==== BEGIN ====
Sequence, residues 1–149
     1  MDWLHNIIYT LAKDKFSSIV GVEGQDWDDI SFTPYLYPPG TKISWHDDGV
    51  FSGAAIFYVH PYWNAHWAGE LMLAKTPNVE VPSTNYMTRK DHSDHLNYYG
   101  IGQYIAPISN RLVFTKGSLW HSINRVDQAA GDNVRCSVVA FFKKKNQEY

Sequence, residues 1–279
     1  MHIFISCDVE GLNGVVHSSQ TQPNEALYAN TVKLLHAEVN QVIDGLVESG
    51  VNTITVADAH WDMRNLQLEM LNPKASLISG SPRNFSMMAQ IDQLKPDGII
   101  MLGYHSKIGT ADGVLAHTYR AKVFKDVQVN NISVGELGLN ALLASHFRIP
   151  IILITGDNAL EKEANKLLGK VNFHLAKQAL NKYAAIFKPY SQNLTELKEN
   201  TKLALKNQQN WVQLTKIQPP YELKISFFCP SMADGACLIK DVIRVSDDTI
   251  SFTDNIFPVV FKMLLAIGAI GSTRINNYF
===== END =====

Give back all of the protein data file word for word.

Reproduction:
Sequence, residues 1–149
     1  MDWLHNIIYT LAKDKFSSIV GVEGQDWDDI SFTPYLYPPG TKISWHDDGV
    51  FSGAAIFYVH PYWNAHWAGE LMLAKTPNVE VPSTNYMTRK DHSDHLNYYG
   101  IGQYIAPISN RLVFTKGSLW HSINRVDQAA GDNVRCSVVA FFKKKNQEY

Sequence, residues 1–279
     1  MHIFISCDVE GLNGVVHSSQ TQPNEALYAN TVKLLHAEVN QVIDGLVESG
    51  VNTITVADAH WDMRNLQLEM LNPKASLISG SPRNFSMMAQ IDQLKPDGII
   101  MLGYHSKIGT ADGVLAHTYR AKVFKDVQVN NISVGELGLN ALLASHFRIP
   151  IILITGDNAL EKEANKLLGK VNFHLAKQAL NKYAAIFKPY SQNLTELKEN
   201  TKLALKNQQN WVQLTKIQPP YELKISFFCP SMADGACLIK DVIRVSDDTI
   251  SFTDNIFPVV FKMLLAIGAI GSTRINNYF